In late October, Patrick Foster Smith, known locally for publishing In My Father’s Footsteps, the WW1 diaries of his father Harry, a lieutenant in the 216th (Nuneaton) Army Troops Company, Royal Engineers, travelled to Camblain-Châtelain (Nord-Pas-de Calais) a small town in France some 8 hours by car and ferry from Coleshill. Responding to an invitation from the town’s Comité Historique, Patrick, together with Brian and Paddy Nicholson, set up a bookstall in Camblain’s Salle des Fêtes, alongside displays that included a full-scale trench, first aid post, canteen, mortars, bombs and numerous showcases filled with items retrieved from the battlefields that surrounded the town a century ago.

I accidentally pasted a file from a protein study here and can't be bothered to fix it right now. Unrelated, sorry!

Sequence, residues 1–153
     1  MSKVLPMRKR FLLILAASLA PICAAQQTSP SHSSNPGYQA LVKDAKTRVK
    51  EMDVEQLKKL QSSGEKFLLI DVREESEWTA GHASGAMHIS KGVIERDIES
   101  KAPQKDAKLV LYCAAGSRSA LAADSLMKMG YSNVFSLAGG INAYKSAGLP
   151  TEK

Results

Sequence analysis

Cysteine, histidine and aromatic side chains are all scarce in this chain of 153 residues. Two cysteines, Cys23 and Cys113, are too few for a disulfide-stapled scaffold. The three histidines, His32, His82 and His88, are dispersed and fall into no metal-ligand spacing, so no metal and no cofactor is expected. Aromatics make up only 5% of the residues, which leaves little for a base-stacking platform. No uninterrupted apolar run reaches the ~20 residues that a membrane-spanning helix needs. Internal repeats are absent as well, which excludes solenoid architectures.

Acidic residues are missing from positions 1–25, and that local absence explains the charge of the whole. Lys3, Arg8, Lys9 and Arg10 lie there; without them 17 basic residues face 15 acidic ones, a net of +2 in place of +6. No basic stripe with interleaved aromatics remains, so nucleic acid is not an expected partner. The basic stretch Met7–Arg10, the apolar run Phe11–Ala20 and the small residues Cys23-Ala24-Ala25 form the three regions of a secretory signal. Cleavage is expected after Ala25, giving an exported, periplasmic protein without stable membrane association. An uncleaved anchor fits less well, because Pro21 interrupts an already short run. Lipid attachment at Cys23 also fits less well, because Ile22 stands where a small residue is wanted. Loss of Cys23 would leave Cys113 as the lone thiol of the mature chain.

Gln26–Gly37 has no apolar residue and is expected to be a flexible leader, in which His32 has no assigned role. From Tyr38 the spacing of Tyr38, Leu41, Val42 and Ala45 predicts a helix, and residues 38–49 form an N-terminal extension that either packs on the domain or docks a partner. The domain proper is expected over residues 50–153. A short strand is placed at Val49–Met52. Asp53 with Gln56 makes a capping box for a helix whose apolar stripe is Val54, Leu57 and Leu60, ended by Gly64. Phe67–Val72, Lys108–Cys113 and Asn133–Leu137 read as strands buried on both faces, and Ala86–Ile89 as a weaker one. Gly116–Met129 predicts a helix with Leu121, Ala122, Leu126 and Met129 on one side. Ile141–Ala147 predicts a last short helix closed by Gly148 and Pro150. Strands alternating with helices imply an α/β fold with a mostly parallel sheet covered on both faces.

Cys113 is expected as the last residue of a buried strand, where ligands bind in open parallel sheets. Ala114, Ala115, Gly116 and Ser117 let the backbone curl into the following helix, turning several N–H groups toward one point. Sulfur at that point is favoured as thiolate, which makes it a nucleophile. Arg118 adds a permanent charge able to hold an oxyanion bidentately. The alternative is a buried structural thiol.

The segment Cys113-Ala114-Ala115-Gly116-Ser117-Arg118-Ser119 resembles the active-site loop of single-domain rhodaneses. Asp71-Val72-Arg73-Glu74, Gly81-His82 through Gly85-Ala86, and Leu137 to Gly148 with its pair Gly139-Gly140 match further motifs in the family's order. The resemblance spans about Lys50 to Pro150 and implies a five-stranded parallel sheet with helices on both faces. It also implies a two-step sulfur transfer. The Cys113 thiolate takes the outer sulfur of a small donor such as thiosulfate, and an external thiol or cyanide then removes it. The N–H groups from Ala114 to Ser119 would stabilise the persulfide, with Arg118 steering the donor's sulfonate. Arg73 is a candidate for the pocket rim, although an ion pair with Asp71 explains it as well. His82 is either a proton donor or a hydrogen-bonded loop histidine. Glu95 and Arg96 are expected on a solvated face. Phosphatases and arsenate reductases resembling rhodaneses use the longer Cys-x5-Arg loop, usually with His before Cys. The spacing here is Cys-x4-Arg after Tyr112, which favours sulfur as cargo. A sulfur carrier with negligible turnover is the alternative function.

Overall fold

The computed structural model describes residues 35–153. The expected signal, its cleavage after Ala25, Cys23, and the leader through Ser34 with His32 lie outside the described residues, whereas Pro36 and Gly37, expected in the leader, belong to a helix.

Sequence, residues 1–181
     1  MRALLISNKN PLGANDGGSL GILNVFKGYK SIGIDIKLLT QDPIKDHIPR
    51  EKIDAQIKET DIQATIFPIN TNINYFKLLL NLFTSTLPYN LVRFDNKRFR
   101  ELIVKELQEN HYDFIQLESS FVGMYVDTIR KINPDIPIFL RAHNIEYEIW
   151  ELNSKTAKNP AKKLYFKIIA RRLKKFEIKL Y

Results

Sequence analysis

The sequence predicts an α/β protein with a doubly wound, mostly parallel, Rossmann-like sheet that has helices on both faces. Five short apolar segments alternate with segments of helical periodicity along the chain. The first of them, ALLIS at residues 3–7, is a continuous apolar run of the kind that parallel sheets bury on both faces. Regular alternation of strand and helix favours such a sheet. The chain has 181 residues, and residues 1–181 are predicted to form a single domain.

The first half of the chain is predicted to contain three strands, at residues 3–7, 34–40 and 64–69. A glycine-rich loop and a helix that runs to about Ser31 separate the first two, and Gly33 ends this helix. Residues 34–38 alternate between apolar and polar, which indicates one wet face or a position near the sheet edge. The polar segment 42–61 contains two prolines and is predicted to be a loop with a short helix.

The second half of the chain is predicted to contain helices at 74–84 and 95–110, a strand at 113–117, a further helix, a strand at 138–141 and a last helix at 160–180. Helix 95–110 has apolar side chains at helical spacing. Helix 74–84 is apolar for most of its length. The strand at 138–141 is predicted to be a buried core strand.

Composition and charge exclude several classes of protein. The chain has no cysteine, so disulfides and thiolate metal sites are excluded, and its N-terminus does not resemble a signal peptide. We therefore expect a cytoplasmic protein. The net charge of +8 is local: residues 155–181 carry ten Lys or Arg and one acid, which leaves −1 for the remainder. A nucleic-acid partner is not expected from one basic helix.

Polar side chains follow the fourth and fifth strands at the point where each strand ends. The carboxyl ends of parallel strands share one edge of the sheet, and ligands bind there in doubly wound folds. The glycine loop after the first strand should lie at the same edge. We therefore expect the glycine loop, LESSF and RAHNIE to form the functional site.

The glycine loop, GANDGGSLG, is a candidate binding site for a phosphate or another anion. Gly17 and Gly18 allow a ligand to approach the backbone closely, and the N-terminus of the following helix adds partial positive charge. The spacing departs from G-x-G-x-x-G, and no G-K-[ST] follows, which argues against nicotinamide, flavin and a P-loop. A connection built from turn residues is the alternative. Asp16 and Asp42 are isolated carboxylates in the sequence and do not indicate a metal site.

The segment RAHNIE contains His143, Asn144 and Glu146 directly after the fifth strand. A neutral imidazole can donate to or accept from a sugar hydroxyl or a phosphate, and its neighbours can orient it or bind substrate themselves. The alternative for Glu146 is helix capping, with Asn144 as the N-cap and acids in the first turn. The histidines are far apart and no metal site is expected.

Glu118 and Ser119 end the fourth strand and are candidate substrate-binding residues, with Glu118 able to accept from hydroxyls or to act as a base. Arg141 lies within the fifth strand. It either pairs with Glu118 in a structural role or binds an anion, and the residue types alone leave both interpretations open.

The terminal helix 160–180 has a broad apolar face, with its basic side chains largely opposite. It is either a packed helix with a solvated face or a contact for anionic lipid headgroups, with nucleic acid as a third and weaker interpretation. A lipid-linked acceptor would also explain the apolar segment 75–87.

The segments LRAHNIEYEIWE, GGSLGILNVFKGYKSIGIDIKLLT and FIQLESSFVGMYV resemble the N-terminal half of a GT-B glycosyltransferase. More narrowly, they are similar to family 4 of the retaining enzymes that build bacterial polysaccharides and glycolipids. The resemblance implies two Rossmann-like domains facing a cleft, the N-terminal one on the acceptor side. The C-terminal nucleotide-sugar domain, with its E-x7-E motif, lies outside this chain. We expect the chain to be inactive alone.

The town’s weekend Commemoration of the Centenary of the Armistice began on Saturday morning with the inauguration of the newly-sited war memorial. It was a colourful ceremony with two marching bands, a mass of standard bearers and army veterans watched by a large crowd. Local children read out the names of the 80 local men who had died in the conflict. Wreathes were laid at the foot of the monument, among them a poppy wreath brought by Patrick. (In France cornflowers are as much associated with the Armistice as are poppies). In conclusion Mayor Lelio Pedrini spoke of the pain and sacrifice endured in the battles of Artois and elsewhere.
Soon after, in the Salle de Fêtes, the exhibition was buzzing with activity. The British stand promoted much interest and many books changed hands, particularly Sur les Traces de Mon Père, the French version of the diaries kindly translated by Patrick’s friend Gérard Laporte.